Mathematical Writings

Expository Articles

  1. Endpaper: Math has this funny property.

    Zachary Abel and Scott D. Kominers. The Harvard College Mathematics Review, 2(1):101, 2008.

  2. Mathematical minutiae: \(i\) has this funny property.

    Zachary Abel and Scott D. Kominers. The Harvard College Mathematics Review, 2(1):75–77, 2008.

  3. The Harvard College Mathematics Review.

    Scott Kominers, Menyoung Lee, and Zachary Abel. FOCUS, 27(8):14, 2007.

Assorted Mathematical Articles

  1. Combinatorial properties of the Higman-Sims graph.

    Final paper for Math 155: Designs and Groups, Spring 2010, Harvard Mathematics Department, taught by Professor Noam D. Elkies.


    In this survey we discuss properties of the Higman-Sims graph, which has 100 vertices, 1100 edges, and is 22 regular. In fact it is strongly regular, where any two adjacent nodes have 0 common neighbors, and any two non-adjacent nodes have 6 common neighbors. We offer multiple constructions of the graph, based on the unique \(S(3,6,22)\) Steiner system (obtained by extending the projective plane \(\Pi_4\)), the Leech lattice, and maximal cocliques in the \((50, 7, 0, 1)\) strongly regular Hoffman-Singleton graph. Along the way, we compute the automorphism group of the Higman-Sims graph, proving that it is a double cover of a simple group, the so-called Higman-Sims group.

  2. Tangles for knots and links.

    Final paper for Knot Theory, Summer Tutorial 2009, Harvard Mathematics Department, taught by Tanya Kobylyatskaya and Ethan Street.


    It is often useful to discuss only small "pieces" of a link or link diagram while disregarding everything else. For example, the Reidemeister moves describe manipulations surrounding at most 3 crossings, and the skein relations for the Jones and Conway polynomials discuss modifications on one crossing at a time. Tangles may be thought of a small pieces or local pictures of knots or links, and they provide a useful language to describe the above manipulations. But the power of tangles in knot and link theory extends far beyond simple diagrammatic convenience, and this article provides a short survey of some of these applications.

  3. A summary of The Second Lefschetz Theorem on Hyperplane Sections, by Aldo Andreotti and Theodore Frankel.

    Final paper for Math 99r: Morse Theory, Spring 2009, Harvard Mathematics Department, taught by Chen-Yu Chi.


    In this paper we give a guided tour of the proof of the second Lefschetz hyperplane section theorem presented in [AF1969]. The present writeup is based primarily on my notes used while presenting the Andreotti-Frankel argument to the Harvard University Mathematics 99r Morse Theory seminar in Spring 2009. As such, this work uses much of the same notation as, and we follow the same general structure as, [AF1969].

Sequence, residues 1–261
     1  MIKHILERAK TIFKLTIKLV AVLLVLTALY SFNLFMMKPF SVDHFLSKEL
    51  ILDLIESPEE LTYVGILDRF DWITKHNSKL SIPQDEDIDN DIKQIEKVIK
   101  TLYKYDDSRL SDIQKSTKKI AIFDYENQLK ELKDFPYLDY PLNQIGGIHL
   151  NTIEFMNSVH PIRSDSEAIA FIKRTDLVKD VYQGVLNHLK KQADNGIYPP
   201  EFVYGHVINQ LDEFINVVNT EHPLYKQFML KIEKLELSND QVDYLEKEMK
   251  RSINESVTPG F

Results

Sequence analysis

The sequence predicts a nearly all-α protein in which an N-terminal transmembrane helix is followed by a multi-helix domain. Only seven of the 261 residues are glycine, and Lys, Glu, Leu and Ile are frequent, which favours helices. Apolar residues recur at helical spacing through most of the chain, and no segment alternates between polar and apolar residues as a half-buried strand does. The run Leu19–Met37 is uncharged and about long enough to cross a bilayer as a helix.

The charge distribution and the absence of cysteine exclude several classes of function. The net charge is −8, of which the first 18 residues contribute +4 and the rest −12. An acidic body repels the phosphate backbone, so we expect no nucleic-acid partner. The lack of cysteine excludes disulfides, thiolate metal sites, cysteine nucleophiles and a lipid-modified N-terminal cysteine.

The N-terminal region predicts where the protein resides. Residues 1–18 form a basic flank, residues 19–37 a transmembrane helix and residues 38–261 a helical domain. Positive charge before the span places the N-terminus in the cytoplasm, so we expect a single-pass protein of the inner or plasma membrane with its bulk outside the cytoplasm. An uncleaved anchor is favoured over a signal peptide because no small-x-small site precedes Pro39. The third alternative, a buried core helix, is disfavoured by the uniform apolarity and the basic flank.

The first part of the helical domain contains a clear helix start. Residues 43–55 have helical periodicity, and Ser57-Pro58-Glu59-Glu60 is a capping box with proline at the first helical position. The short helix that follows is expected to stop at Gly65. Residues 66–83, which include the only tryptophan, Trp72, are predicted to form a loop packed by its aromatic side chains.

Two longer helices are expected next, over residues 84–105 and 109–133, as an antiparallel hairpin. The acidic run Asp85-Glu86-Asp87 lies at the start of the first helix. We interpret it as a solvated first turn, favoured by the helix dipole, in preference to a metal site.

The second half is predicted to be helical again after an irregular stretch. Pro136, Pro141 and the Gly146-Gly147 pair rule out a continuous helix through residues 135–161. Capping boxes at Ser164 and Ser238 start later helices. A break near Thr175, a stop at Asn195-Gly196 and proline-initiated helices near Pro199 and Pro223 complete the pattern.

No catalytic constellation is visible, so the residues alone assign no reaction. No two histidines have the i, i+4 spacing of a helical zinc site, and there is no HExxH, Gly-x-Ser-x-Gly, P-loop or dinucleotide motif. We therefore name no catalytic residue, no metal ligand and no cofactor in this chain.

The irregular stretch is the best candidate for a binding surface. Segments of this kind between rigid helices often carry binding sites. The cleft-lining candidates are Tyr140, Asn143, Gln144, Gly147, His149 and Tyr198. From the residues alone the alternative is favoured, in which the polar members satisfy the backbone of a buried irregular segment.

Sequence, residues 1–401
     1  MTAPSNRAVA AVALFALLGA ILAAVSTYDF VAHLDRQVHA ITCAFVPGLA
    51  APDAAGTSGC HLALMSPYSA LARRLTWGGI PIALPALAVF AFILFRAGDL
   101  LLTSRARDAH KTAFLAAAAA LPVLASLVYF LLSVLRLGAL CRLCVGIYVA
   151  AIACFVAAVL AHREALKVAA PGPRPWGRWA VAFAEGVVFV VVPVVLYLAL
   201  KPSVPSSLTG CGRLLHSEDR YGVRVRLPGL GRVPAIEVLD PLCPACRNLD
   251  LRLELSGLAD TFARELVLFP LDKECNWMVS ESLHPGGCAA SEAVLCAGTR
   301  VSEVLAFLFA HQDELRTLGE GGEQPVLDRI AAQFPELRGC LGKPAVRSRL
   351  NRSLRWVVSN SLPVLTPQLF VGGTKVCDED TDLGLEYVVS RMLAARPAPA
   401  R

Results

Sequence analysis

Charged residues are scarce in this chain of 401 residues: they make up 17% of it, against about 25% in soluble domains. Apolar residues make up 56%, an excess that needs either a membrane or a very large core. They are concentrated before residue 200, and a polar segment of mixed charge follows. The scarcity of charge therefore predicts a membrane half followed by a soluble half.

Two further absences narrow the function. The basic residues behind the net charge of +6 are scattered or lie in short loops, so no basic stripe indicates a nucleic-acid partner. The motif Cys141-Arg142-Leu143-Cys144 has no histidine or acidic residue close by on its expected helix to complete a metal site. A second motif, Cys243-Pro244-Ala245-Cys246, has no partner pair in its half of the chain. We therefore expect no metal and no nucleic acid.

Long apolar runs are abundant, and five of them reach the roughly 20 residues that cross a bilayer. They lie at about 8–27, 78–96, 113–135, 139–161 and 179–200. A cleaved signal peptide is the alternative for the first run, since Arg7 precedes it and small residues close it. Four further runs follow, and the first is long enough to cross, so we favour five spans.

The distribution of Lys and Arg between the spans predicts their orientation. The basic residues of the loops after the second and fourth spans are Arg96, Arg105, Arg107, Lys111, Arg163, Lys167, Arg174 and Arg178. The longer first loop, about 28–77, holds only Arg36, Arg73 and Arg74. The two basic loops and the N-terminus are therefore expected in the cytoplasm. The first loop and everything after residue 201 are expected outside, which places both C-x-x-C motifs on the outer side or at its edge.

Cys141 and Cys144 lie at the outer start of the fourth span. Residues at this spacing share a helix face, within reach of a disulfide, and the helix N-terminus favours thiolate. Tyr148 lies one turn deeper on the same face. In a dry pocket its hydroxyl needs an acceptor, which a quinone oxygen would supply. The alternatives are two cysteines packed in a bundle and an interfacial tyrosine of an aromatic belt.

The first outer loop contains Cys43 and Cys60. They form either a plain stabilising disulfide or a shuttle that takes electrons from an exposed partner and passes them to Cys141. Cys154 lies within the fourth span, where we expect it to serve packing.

4. Theta series as modular forms.

    Final paper for Freshman Seminar 26k: Euclidean Lattices and Sphere Packings, Spring 2007, Harvard University, taught by Professor Benedict H. Gross.


    In this paper we introduce the notion of the theta series \(\Theta_L\) of a lattice \(L\), a useful and powerful tool in Lattice theory, especially in the case when the underlying lattice is assumed to be even and unimodular.

Math Olympiad Articles and Training Materials

  1. Two solutions to a tiling problem.

    Unpublished, 2010.

  2. My favorite problem: Bert and Ernie.

    The Harvard College Mathematics Review, 1(2):78–83, 2007.

  3. Mean geometry.

    Unpublished, 2007. See also the talk based on this material.


    There are generally two opposite approaches to Olympiad geometry. Some prefer to draw the diagram and simply stare (labelling points only clutters the diagram!), waiting for the interactions between problems' various elements to present themselves visually. Others toss the diagram onto the complex or coordinate plane and attempt to establish the necessary connections through algebraic calculation rather than geometric insight.

    This article discusses an interesting way to visualize and approach a variety of geometry problems by combining these two common methods: synthetic and analytic. We'll focus on a theorem known as "The Fundamental Theorem of Directly Similar Figures" or "The Mean Geometry Theorem." Although the result is quite simple, it nevertheless encourages a powerful new point of view.

  4. Barycentric coordinates.

    Unpublished, 2007.

  5. Abel summation.

    MOSP Training, 2007. See also a talk on the same material.


    This lecture focuses on the Abel Summation formula, which is most often useful as a way to take advantage of unusual given conditions such as ordering or majorization, or simply a way to put a new look on an expression. But in addition to learning this formula, I want to emphasize good, motivated thinking for all of these problems. Don't simply hunt for the time and place to apply Abel Summation; hopefully, when and if the occasion arrises, you'll recognize it.

  6. Triangle centers.

    MOSP Training, 2007.

  7. Multivariate generating functions and other tidbits.

    Mathematical Reflections, March 2006.


    This article is devoted to some of the methods and applications of generating functions as used in Olympiad problem solving. Their basic properties are well known to many problem solvers; this article is intended to explore some more advanced applications and ideas, the most prominent of which is the use of multivariate generating functions.

Copyright © 2011–2016 by Zachary Abel. All rights reserved. Last updated on 9/29/2016.